The minute just prior to loading a scorching 500 degree oven with delicate shaped baguettes is a case study in coordination and multitasking. You need to move quickly in a controlled manner — proofed baguettes can easily deflate if handled roughly and should be baked immediately to maintain its cylindrical shape. Several things should also be ready once the loaves are removed from the linen couche. To wit:
- parchment paper on a baking sheet
- a lamé for scoring
- oven mitts, because explaining forearm burn marks can be awkward
- boiling water for steaming the loaded oven
- a camera, because certain subcultures are obsessed with taking pictures in the kitchen (optional)
In the middle of all this, you also need the presence of mind to keep yourself from leaning too low when opening the oven doors. The sensation of eyelashes curling away from the backdraft and into an eyeball is decidedly unpleasant.
Waiter, there’s something in my… picnic hosted by The Passionate Cook
Things got tense once the baguettes were gently arranged in rows on the parchment and the lamé was nowhere in sight. The loaves were flattening right before my eyes and I was stuck at a critical step. Baguettes have to be scored or it will have zero chance of making the front pages of Tastespotting, Food Gawker, and FP Daily. Desperate for anything razor-like, I reached for my newly sharpened sushi knife.
Who knew that a Japanese technique for slicing fish would work so well on dough? The hiki-giri, or drawing cut, involves the entire edge of the long blade. A technique used for cutting sashimi, the heel of the knife is placed on the fish before drawing the blade backwards. Extra downward pressure is unnecessary — the cutting motion relies solely on the weight of the knife to ensure a clean cut. Replace the fish with proofed dough and the lamé seems useless all of a sudden. The cuts from the sushi knife were clean and barely dragged.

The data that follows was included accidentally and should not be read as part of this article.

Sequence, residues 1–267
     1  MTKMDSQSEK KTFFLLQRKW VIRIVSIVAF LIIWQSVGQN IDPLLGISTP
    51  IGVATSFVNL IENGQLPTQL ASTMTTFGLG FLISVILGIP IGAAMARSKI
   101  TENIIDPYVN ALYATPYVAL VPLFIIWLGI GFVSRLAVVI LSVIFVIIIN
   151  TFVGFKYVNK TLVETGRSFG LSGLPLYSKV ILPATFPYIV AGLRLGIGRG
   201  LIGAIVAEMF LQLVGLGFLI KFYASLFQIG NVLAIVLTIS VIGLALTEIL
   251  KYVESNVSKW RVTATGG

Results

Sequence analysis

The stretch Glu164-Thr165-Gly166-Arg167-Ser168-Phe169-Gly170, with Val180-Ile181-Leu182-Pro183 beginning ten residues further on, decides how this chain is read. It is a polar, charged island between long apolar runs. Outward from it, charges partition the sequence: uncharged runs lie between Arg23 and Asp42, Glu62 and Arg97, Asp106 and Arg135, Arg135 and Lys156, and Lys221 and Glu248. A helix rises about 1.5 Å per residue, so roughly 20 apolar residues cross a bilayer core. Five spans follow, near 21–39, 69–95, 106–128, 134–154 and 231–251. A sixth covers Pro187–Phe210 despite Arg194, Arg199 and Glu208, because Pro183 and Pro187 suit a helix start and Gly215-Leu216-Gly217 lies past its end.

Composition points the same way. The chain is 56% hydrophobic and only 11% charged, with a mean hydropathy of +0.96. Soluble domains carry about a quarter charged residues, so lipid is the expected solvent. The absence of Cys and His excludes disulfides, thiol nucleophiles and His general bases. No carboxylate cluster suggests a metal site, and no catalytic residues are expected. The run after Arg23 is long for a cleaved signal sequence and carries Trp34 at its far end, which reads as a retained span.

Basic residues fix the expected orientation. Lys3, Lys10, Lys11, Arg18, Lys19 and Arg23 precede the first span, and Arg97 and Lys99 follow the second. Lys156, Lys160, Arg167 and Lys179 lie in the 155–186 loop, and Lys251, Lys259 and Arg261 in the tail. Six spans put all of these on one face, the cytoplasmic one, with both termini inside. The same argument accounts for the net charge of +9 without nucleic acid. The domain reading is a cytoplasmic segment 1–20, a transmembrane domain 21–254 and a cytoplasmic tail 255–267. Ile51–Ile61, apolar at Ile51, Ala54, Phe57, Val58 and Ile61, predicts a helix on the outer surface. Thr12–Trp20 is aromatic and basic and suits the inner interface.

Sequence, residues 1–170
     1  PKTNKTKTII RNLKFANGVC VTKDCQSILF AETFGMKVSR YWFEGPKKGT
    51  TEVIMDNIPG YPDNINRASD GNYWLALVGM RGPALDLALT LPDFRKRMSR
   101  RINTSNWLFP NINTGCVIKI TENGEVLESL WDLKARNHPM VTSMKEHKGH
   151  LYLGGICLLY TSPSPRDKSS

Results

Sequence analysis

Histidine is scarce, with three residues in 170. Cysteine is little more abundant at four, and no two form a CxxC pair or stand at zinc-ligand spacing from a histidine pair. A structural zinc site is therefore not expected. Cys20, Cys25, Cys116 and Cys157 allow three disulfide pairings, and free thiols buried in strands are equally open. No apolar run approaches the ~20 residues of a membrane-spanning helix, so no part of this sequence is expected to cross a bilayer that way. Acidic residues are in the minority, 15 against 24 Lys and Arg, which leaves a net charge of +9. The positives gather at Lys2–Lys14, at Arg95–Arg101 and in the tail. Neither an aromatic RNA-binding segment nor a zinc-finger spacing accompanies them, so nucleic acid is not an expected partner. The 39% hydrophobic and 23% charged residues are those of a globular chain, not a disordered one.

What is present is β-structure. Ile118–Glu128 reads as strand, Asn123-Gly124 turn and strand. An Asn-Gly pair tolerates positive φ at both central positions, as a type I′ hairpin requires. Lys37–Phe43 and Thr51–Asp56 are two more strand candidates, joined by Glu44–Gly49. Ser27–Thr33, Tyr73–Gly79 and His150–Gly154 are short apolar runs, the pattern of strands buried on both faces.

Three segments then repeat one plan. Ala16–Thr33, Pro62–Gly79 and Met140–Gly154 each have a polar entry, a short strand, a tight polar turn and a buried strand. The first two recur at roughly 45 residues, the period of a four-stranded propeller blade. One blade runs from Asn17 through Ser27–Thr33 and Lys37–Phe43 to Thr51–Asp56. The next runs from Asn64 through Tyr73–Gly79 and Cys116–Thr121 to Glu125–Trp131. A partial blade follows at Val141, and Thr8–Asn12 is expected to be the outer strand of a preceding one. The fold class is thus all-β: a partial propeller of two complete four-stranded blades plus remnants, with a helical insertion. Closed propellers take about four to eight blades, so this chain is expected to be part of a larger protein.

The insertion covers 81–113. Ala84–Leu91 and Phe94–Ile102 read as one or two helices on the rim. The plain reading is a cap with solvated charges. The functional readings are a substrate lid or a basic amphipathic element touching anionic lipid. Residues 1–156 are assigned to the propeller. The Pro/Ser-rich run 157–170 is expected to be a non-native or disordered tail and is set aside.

lamé – overrated unitasker
Last seen in action scoring Peter Reinhart’s French Baguettes*, the lamé is still nowhere to be found and I couldn’t care less. I’m glad I accidentally found a much better tool and technique for scoring dough.
* there’s a joke in there somewhere…
Eric Kayser’s Baguettes Monge
makes three 250-gram baguettes or four 180-gram ficelles
- I used Bernard Clayton’s suggestion for approximating French flour by using 3 parts all-purpose flour and 1 part bread flour. Use T65 flour if you’re lucky enough to have access to it.
- The final hydration of the dough is approximately 58%. The crumb will not be as open compared to more traditional baguette formulas, which is usually hydrated in the neighborhood of 60% to 70%.
For the Final Dough:
Ingredients Volume Ounces Grams liquid levain (100% hydration) 3.5 100 all-purpose flour 13.25 375 bread flour 4.4 125 water, at room temperature 270 ml instant yeast 1/2 tsp sea salt 1 1/4 tsp .35 10
Final Dough Instructions:
Mix Mix all of the ingredients until evenly incorporated Knead 8 to 10 minutes (must pass the windowpane test) Rest 5 minutes Knead 1 minute to further strengthen the gluten Bulk Ferment 60 minutes at room temperature Divide 3 pieces for baguettes or 4 for ficelles Shape baguettes, with pointed ends
Final Proof 90 minutes at room temperature
Preheat Oven 500ºF/260ºC Score 3 to 5 slashes
Steam 1 cup of boiling water poured in a heavy steam pan (preferably cast iron) Bake Lower the temperature immediately to 425ºF/220ºC. Bake for 10 minutes. Rotate the loaf if necessary and bake for another 10 to 15 minutes. Cool At least 15 minutes
- Maison Kayser Official Web Site
- Au Levain! bread baking blog (in French)
- Baguettes Monge discussion at The Fresh Loaf
- Crazy oven spring at Ye Olde Bread Blogge